[27 Sep 2015 | 6 Comments | ]
The Political Economics of Open Access Publishing – A series

One of the odd things about scholarly publishing is how little any particular group of stakeholders seems to understand the perspective of others. It is easy to start with researchers ourselves, who are for the most part embarrassingly ignorant of what publishing actually involves. But those who have spent a career in publishing are equally ignorant (and usually dismissive to boot) of researchers’ perspectives. Each in turn fail to understand what libraries are or how librarians think. Indeed the naive view that libraries and librarians are homogenous is a big …

Read the full story »

Blog, Featured »

[29 Jan 2016 | No Comment | ]
Taking Culture Seriously: The challenges of data sharing

I promised some thinking out loud and likely naive and uninformed opinion in my plans for the new year. Here’s a start on that with apologies to Science and Technology Studies and Cultural Studies people who’ve probably thought all of this through. Yes, I am trying to get people to do my due diligence literature review for me.
It’s a common strand when we talk about improving data sharing or data management, or access to research, or public engagement…or… “Cultural Change, its hard”. The capitals are deliberate. Cultural Change is seen …

Blog, Featured »

[28 Jan 2016 | No Comment | ]
Where are the pipes? Building Foundational Infrastructures for Future Services

Cite as “Bilder G, Lin J, Neylon C (2016) Where are the pipes? Building Foundational Infrastructures for Future Services, retrieved [date], http://cameronneylon.net/blog/where-are-the-pipes-building-foundational-infrastructures-for-future-services/ ‎”
You probably don’t think too much about where all the services to your residence run. They go missing from view until something goes wrong. But how do we maintain them unless they are identified? An entire utilities industry, which must search for utility infrastructure, hangs in the balance on this knowledge. There’s even an annual competition, a rodeo no less, to crown the best infrastructure locators in the land, rewarding those …

Blog »

[13 Jan 2016 | One Comment | ]

I’m not much for end of year or beginning of year posts but I have found that putting down plans is a good way of holding myself to account (and that a few people out there might help with that job…you know who you are). I also think my use of this space may change a little over the coming year, so for those of you still using RSS (yes! we do still exist!) this may have an impact on including me or not in your selection for 2016.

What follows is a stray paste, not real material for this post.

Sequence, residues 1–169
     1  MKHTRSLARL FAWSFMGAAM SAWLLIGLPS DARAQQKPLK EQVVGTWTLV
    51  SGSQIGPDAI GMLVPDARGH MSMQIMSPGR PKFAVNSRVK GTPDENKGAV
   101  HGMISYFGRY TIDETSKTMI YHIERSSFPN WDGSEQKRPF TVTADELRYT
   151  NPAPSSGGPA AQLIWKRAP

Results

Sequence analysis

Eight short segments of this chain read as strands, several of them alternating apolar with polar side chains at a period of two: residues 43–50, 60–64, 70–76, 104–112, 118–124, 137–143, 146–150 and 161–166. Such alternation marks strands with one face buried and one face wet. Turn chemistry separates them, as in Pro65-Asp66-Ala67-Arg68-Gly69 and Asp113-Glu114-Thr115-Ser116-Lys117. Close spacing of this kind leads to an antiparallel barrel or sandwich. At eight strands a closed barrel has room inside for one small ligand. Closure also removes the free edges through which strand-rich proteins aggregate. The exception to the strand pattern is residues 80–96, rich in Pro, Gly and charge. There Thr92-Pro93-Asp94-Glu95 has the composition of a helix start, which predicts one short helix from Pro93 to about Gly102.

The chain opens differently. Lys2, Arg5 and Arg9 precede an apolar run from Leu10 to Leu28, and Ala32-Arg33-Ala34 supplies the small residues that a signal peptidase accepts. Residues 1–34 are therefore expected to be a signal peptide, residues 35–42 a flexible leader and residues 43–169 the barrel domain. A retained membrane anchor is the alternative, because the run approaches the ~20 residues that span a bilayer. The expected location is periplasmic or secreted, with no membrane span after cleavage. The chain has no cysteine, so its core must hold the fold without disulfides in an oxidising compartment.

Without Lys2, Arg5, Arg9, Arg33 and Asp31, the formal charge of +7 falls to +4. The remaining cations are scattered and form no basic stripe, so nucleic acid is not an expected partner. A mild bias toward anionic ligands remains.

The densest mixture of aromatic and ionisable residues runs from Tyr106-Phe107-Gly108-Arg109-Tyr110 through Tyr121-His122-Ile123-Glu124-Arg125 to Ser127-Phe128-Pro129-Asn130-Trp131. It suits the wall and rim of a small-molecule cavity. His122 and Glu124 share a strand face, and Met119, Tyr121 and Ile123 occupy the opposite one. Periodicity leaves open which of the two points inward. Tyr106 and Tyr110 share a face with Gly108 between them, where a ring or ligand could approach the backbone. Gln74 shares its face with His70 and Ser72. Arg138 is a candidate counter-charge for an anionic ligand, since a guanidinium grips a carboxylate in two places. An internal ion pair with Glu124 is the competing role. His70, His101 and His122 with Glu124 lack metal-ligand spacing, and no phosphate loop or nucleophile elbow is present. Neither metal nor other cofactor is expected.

As it …

Blog, Featured »

[12 Jan 2016 | No Comment | ]
Making it personal: The rare disease literature sucks

I’ve been engaged in different ways with some people in the rare genetic disease community for a few years. In most cases the initial issue that brought us together was access to literature and in some cases that lead towards Open Science issues more generally. Many people in the Open Access space have been motivated by personal stories and losses, and quite a few of those relate to rare genetic diseases.
I’ve heard, and relayed to others how access has been a problem, how the structure and shape of the literature …

Blog »

[7 Jan 2016 | One Comment | ]

Eight publishers will move to require ORCIDs for corresponding authors as part of the submission requirements for submitting articles.
It seems like a very long time ago that I got involved in the efforts to develop an ID system for contributors to research outputs. A post from 2009 seems to be the earliest I wrote about it alongside a summary from a few weeks later (ironically, given the discussion a summary for which most of the links are broken). I’ve been doing a lot of looking at old posts recently and those …

Blog »

[28 Dec 2015 | 4 Comments | ]

Standard Analytics have released a very useful paper looking at platform costs for scholarly publishing. In the paper (which coincidentally demonstrates part of the platform system they are developing) they make some strong claims about the base cost of publishing scholarly articles. In this post I will critique those claims and attempt to derive a cost that fully represents the base marginal cost of article publishing, while pointing out that such average estimates are probably not very useful. The central point is that the paper shows not marginal costs but (a …